Maintenance and expansion of genetic and trait variation following  domestication in a clonal crop

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Authors

Oliver White, Manosh Biswas, Wendawek M. Abebe, Yann Dussert, Firew Kebede, Richard Nichols, Richard J. A. Buggs, Sebsebe Demissew, Feleke Woldeyes, Alexander S.T. Papadopulos

Abstract

Clonal propagation enables favourable crop genotypes to be rapidly selected and multiplied. However, the absence of sexual propagation can lead to low genetic diversity and accumulation of deleterious mutations, which may eventually render crops less resilient to pathogens or environmental change. To better understand this trade-off, we characterise the domestication and contemporary genetic diversity of Enset (Ensete ventricosum), an indigenous African relative of bananas (Musa) and principal starch staple for 20 million Ethiopians. Wild enset is strictly sexually outcrossing, but in cultivation is exclusively propagated clonally and associated with diversification and specialisation into hundreds of named landraces. We applied tGBS sequencing to generate genome-wide genotypes for 192 accessions from across enset’s cultivated distribution, and surveyed 1340 farmers on enset agronomic traits. Overall, reduced heterozygosity in the domesticated lineage was consistent with a domestication bottleneck that retained 37% of wild diversity. However, excess low frequency putatively deleterious missense mutations present as heterozygotes suggested accumulation of mutational load in clonal domesticated lineages. Our evidence indicates that the major domesticated lineages initially arose through historic sexual recombination associated with a domestication bottleneck, followed by amplification of favourable genotypes through an extended period of clonal propagation. Among domesticated lineages we found significant phylogenetic signal for multiple farmer identified food, nutrition and disease resistance traits and little evidence of contemporary recombination. Development of future-climate adapted genotypes may require crop breeding, but outcrossing risks exposing deleterious alleles as homozygotes. This trade-off may partly explain the ubiquity and persistence of clonal propagation over recent centuries of comparative climate stability.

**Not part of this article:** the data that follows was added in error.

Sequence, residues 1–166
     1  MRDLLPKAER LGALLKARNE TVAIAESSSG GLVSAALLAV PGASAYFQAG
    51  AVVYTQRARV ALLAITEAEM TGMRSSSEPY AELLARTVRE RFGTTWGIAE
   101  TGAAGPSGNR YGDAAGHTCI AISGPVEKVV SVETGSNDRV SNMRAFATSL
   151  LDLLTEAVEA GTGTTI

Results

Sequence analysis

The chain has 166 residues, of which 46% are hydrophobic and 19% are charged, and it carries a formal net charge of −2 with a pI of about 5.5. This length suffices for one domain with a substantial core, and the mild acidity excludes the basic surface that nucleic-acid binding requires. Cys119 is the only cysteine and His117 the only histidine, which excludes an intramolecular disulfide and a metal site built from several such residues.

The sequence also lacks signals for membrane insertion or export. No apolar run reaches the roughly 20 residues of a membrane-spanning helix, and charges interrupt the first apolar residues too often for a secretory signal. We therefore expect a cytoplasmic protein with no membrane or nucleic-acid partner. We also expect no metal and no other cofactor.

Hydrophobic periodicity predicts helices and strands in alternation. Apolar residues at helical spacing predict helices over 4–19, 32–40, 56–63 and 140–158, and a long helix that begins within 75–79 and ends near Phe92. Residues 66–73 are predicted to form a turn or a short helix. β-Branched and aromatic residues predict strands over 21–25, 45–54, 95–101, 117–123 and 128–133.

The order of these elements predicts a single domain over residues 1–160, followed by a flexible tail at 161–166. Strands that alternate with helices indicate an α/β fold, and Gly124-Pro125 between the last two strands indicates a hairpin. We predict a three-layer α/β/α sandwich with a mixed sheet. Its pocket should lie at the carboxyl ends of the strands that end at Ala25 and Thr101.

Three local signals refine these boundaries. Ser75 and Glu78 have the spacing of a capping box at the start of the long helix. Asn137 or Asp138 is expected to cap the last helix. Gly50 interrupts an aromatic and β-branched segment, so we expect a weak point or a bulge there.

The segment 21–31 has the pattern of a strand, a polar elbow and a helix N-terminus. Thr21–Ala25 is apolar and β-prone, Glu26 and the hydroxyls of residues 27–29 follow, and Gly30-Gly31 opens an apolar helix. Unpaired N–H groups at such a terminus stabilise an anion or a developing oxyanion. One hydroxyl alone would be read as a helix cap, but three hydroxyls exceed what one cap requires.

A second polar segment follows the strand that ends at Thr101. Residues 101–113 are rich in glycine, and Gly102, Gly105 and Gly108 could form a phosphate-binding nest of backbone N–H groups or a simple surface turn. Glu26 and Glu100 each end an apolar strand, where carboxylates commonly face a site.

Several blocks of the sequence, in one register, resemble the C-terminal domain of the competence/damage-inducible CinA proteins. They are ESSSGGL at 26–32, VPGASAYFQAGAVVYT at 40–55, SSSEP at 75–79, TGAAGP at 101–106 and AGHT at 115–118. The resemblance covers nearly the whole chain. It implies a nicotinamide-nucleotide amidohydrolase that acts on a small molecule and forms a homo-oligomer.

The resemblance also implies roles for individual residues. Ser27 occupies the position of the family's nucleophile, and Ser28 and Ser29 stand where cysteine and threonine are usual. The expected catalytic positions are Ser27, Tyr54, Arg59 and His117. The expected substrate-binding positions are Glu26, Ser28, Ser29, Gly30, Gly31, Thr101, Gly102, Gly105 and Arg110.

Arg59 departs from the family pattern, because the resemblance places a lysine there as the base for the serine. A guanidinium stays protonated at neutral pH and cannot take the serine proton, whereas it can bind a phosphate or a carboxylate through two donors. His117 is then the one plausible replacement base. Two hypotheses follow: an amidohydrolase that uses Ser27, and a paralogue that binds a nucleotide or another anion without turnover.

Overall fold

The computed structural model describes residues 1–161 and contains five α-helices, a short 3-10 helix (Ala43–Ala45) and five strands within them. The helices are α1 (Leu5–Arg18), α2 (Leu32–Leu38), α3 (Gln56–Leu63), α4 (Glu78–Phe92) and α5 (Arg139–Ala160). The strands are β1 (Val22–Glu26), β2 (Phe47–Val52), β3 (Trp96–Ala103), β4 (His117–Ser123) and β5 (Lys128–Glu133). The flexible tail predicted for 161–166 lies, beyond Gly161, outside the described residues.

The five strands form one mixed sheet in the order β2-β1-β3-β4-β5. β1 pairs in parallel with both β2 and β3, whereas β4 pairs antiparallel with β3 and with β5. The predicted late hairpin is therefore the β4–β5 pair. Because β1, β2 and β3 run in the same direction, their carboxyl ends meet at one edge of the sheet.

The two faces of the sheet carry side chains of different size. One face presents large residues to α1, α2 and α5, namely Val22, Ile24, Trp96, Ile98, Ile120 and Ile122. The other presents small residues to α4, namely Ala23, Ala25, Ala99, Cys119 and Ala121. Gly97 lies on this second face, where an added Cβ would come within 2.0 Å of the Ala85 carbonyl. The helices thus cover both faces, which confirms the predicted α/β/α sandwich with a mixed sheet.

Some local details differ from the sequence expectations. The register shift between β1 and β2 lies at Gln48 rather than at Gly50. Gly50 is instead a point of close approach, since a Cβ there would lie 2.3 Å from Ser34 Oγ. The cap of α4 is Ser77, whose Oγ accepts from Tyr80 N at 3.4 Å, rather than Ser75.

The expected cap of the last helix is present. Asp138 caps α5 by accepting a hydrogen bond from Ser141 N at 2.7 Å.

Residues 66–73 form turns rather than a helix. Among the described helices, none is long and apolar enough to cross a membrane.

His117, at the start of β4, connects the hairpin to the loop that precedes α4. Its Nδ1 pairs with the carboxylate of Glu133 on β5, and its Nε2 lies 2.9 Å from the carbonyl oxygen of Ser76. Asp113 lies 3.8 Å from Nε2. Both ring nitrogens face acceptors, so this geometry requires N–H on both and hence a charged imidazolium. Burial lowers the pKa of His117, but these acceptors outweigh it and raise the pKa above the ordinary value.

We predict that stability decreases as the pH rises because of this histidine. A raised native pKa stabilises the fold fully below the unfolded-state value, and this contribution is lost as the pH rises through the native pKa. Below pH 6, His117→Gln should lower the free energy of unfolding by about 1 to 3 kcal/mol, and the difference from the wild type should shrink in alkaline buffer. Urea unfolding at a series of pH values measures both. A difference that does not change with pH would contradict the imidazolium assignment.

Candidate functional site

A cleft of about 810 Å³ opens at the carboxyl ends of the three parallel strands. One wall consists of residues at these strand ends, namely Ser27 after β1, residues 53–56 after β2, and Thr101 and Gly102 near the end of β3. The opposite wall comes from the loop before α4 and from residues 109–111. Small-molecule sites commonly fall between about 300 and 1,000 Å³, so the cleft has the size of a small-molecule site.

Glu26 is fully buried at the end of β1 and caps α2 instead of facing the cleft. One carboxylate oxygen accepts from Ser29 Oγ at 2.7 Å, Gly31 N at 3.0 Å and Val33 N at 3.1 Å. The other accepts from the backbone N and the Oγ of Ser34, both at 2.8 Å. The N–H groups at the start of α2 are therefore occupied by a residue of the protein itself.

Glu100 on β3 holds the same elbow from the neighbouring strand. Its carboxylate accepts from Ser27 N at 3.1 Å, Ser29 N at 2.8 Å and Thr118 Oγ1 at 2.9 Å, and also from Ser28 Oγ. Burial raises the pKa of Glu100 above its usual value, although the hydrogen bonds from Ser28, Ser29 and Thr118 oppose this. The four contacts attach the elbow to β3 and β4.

DOI

https://doi.org/10.32942/osf.io/3p6h5

Subjects

Agriculture, Bioinformatics, Biosecurity, Genetics and Genomics, Genomics, Life Sciences, Plant Sciences

Keywords

Agrobiodiversity, Clonal evolution, Domestication, Ensete ventricosum, Ethiopia, food security, Genotyping-by-sequencing, tGBS

Dates

Published: 2022-09-01 18:10

License

CC-By Attribution-ShareAlike 4.0 International

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